As published in Scotsman Guide's Residential Edition, November 2008.
The Housing and Economic Recovery Act of 2008 affects the mortgage industry in many ways. In its Federal Housing Administration (FHA) Modernization Act, changes are set forth for the FHA's Home Equity Conversion Mortgage (HECM). The act includes improvements, protections and changes that will affect reverse-mortgage borrowers and originators.
At press time, the U.S. Department of Housing and Urban Development (HUD) has not issued mortgagee letters to announce implementation dates for all the changes (current info). Based on the bill's provisions, however, here is a glimpse of what mortgage originators should know.
First, along with the conventional- and FHA-loan-limit increases, the housing bill increases lending limits for HECMs. The new national loan limit is $417,000. As of press time, the FHA targeted a Nov. 1 implementation date.
With increased lending limits, eligible borrowers (ages 62 and older) with higher home values could access more money. This is especially good news, considering there has been less money available for jumbo, proprietary reverse-mortgage products.
Another change affects reverse-mortgage costs. Industry partners, including AARP and the National Reverse Mortgage Lenders Association, worked out a compromise to lower origination fees, which is now part of the new rules.
The previous rules allowed as much as 2 percent of the lending limit as an origination fee. For example, if the lending limit was $362,790, the origination fee could be as much as $7,255.80.
The new rules have a formula of 2 percent of the first $200,000 of the lower of the new lending limit or the home value, then 1 percent on amounts more than $200,000. The maximum origination fee is capped at $6,000.
Other important changes to the HECM program include:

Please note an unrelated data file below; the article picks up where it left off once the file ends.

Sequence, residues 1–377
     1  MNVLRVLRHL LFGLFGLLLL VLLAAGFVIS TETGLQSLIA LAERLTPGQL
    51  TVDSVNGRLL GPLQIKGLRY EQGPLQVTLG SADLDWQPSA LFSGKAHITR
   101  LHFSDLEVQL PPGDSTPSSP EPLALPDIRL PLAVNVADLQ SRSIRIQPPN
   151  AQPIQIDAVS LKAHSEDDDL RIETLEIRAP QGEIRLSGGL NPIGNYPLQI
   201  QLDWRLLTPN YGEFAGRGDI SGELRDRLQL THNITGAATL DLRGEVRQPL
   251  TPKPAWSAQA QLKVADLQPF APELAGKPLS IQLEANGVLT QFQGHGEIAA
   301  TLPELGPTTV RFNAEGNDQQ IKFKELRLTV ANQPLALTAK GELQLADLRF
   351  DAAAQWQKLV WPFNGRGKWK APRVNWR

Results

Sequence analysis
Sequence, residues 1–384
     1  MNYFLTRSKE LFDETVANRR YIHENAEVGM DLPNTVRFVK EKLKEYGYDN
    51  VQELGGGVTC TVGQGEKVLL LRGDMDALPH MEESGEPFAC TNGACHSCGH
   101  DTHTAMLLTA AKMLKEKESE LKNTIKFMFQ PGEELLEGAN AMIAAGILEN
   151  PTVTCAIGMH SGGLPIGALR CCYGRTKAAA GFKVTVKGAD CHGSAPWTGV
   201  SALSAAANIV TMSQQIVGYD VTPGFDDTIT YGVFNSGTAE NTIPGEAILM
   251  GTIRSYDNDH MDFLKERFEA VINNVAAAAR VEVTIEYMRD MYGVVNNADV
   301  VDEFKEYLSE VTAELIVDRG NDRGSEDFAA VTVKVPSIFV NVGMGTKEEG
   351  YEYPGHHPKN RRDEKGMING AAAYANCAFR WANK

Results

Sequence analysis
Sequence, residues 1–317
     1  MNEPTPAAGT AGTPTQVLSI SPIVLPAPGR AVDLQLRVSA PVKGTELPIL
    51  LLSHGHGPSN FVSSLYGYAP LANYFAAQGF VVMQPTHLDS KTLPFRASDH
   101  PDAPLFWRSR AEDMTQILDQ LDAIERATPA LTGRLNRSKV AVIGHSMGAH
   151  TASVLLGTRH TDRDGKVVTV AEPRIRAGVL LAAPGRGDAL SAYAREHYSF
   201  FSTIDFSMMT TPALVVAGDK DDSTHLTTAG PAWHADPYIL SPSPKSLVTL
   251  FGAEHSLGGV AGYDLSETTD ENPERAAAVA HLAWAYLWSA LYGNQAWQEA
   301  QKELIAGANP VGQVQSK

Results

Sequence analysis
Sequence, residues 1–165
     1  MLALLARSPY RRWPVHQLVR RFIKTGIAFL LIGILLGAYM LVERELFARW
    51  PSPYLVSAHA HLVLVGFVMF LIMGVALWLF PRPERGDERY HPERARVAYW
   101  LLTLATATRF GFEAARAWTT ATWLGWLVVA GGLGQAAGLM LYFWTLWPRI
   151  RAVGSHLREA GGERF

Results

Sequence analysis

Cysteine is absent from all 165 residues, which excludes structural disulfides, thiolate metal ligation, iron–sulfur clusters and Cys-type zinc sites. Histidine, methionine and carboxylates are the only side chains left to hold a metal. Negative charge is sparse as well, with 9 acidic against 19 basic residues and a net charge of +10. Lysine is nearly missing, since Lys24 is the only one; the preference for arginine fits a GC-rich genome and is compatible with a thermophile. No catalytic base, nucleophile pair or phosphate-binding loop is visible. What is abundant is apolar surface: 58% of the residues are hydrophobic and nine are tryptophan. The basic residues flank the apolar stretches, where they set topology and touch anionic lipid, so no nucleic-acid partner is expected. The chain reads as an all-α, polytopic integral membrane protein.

HECMs for home purchases: Previously, reverse mortgages could only be used as refinance loans. The housing bill now allows HECMs for principal-residence purchases.
HECMs for co-ops: The act adds co-ops to allowable property types for HECMs.
Easing of rules for manufactured homes in condo developments and overhaul of rules for condo-development approval process.
There also are changes in how reverse mortgages are marketed. Previously, a non-FHA-approved broker or lender could receive a portion of the origination fees as an adviser. They were paid in exchange for assisting an FHA-approved reverse-mortgage company and educating a potential reverse-mortgage borrower. Effective this past Oct. 1, the HECM-adviser program is prohibited.
If you were working as an adviser, you now must either become FHA-approved or work for a FHA-approved company.
Finally, there is an important safeguard issue of which mortgage originators must be aware concerning cross-selling financial products. Congress and HUD have become aware of financial abuse in the sale of inappropriate annuities and financial instruments that were not in the best interests of borrowers. Based on the housing bill's language and to remedy this situation, HUD will develop rules and regulations to curb the use of reverse mortgages as a facilitating agent for abuse.
If you want to be a reverse-mortgage originator, it is critical that you stay on top of these changes. Get involved with industry organizations and align yourself with companies that do things right.
Philip E. Lipp is president of Allwest Mortgage in Los Angeles and has been in the mortgage business with his wife, Ilene, for 25 years. He participated
in the Los Angeles Mayor's Office's Predatory Lending Initiative to inform seniors. He also is a founding director and past president of the California Association of Mortgage Brokers. For questions about reverse mortgages, call (818) 752-0999 or e-mail firstname.lastname@example.org.